Local erosion over a submerged intake in an alluvial channel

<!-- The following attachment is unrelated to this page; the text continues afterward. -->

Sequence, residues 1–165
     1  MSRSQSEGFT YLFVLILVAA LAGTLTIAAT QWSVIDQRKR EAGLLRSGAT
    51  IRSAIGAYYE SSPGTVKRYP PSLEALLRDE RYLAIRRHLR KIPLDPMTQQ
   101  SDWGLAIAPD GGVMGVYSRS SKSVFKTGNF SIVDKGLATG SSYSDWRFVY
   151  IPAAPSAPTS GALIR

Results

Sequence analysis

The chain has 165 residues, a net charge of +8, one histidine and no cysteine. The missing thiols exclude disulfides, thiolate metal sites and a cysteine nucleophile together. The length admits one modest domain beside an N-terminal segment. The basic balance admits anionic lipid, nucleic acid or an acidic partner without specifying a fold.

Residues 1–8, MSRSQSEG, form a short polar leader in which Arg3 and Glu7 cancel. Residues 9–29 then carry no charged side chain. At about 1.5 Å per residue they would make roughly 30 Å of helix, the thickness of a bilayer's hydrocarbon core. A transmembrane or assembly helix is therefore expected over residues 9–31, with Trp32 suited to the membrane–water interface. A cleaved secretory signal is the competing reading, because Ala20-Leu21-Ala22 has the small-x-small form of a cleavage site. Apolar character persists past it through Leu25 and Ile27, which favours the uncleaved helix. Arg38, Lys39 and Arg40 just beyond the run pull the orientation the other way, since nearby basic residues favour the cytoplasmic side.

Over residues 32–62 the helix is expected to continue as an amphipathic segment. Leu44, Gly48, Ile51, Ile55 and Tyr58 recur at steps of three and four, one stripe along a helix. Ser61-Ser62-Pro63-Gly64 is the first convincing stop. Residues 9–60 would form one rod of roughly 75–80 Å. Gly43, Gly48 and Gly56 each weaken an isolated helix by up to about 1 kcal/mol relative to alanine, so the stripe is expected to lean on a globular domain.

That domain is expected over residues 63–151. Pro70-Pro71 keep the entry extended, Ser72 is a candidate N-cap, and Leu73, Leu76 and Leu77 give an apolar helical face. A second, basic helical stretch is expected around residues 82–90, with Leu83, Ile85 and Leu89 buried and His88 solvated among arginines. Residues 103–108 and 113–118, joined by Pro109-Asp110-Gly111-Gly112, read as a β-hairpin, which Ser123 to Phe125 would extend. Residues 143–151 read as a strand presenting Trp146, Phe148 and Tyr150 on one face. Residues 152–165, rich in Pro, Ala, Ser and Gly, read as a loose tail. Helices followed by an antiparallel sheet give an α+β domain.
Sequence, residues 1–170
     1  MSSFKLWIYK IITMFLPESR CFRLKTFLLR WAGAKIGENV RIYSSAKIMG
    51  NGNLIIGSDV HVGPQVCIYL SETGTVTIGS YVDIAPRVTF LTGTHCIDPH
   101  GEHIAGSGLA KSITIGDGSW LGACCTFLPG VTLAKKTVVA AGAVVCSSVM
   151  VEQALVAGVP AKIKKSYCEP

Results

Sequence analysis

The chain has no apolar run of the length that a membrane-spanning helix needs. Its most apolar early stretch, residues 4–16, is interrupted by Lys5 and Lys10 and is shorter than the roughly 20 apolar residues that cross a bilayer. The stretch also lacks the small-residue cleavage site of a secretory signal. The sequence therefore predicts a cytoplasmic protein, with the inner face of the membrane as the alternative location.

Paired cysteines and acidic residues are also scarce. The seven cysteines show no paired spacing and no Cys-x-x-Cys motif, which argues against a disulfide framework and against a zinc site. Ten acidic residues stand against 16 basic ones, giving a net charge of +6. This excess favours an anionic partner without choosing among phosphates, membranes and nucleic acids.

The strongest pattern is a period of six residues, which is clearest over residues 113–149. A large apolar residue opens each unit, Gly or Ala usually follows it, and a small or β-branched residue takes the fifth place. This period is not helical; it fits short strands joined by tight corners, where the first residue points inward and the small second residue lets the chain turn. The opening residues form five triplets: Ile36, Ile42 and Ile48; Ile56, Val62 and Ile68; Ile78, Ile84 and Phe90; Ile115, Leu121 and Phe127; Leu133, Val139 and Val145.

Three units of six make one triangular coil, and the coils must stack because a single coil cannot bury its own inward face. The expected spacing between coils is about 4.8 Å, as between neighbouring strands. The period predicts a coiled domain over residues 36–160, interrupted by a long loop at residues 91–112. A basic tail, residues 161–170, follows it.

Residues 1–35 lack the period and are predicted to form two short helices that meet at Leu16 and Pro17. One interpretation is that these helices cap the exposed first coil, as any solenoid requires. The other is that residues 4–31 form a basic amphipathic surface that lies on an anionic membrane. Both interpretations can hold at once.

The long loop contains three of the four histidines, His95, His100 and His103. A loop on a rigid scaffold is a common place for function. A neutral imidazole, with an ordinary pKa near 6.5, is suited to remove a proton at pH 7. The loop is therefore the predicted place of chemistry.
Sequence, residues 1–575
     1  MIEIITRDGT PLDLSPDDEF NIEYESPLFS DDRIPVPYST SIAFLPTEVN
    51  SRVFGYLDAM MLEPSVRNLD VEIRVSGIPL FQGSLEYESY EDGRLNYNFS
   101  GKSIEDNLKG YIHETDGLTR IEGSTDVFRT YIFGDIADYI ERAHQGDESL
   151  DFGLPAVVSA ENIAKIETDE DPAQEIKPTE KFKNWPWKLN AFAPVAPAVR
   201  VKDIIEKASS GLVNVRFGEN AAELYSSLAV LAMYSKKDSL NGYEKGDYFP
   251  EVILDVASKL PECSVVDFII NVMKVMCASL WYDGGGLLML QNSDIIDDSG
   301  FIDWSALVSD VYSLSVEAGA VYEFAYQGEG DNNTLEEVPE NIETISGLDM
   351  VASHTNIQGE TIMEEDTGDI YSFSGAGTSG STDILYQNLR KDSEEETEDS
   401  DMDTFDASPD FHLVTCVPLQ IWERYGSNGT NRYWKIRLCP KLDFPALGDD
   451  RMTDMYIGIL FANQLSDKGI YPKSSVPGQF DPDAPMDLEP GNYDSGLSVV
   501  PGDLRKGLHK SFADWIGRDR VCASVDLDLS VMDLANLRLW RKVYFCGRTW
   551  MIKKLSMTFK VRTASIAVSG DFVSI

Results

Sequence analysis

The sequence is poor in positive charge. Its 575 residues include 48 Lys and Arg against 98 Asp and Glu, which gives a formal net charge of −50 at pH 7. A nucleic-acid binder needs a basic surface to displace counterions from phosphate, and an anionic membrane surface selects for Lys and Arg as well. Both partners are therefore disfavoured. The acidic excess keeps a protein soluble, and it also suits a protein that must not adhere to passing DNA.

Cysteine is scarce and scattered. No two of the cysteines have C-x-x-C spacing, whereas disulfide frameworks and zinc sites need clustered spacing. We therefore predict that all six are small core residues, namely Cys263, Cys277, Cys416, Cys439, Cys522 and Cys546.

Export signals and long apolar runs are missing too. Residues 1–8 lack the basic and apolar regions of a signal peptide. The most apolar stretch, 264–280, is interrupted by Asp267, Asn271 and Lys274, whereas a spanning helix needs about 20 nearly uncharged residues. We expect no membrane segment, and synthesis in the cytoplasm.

This study was concerned with the submerged bottom type of river intake, which consists, essentially, of a filter located in the river bed, through which water can be pumped. This type of intake has been used recently, for example, in salmon rivers, to minimise disruption of fish movement. The problem of assessing the change in bed shear stress over the intake was studied with a view to estimating the depth of the scour hole, which was known to be a feature associated with abstraction. The literature on local scour in alluvial channels was studied, several different types of scour being covered by the survey. Although most of the methods described were limited in application to a certain type of scour, some general principles were observed. In particular, it became clear that it was important to obtain an adequate description of the modification of the flow field giving rise to the scour. Several different turbulence models were assessed before a decision was made on the approach to be adopted to the problem. The more complex models were considered unsuitable, mainly because excessive attention to detail in the flow field would be unwarranted when other aspects of the problem, such as the suction force on the grains and the relationship between grain movement and boundary shear stress, were not known with sufficient accuracy. In addition, there was some uncertainty in the modifications to such models that would be required for their application to the intake problem. The extended law of the wall for suction flows was rejected because it is valid only for suction velocities up to about 1% of the external flow velocity, whereas the suction velocity in the intake flows studied ranged from 2% to 10% of the mean flume velocity. Solutions based on the mean flow momentum equation were studied, and a model was developed which was based on the hypothesis that the increase in shear stress at the bed was related directly to the momentum given up by the abstracted fluid at the bed. This model gave significantly improved predictions compared with a previous model, in respect of both the magnitude and pattern of shear stress distribution in the suction zone. It also had an advantage over the earlier model in that the results did not depend significantly on the assumption of a hydrostatic, or any other, pressure distribution in the main flow. Measurements of the modification of the velocity field associated with abstraction were made over a suction zone in a wind tunnel. The velocity profiles at a number of different points along the suction zone were measured using a hot-wire anemometer and these provided confirmation that the profiles assumed for the purposes of calculation gave an adequate description of the flow. Shear stress measurements over a model intake in a laboratory flume were made by observing the combinations of suction and flume flow which induced threshold conditions for sand grains placed on an impermeable disc in the suction zone, whose threshold shear stress in uniform flow was known. The measurements of shear stress using this method gave results which were between five and ten times lower than the predicted values, although they were comparable to estimates of shear stress based on the near-bottom velocities measured in the wind tunnel. It was deduced that the absence of suction at the disc itself was responsible for this large difference, since tests with dye showed that the disc did not interfere noticeably with the main flow. Measurements were also made of the bed profile over the model intake in the flume at various stages in the development of the scour hole, and the bed shear stress estimated from these measurements. These estimates showed a reasonable correlation with the predictions of the new mathematical model, but it was clear that there was a need for a better understanding, especially with regard to the interpretation of the experimental data. This study has provided a means of estimating the boundary shear stress associated with abstraction, and the resulting grain dislodgement rate and scour. These estimates are approximate in nature, but ways of obtaining improved predictions have been indicated, and these should provide a sound basis for an extension of this work to the study of three-dimensional scour which is important in the application of the results to intakes in practice.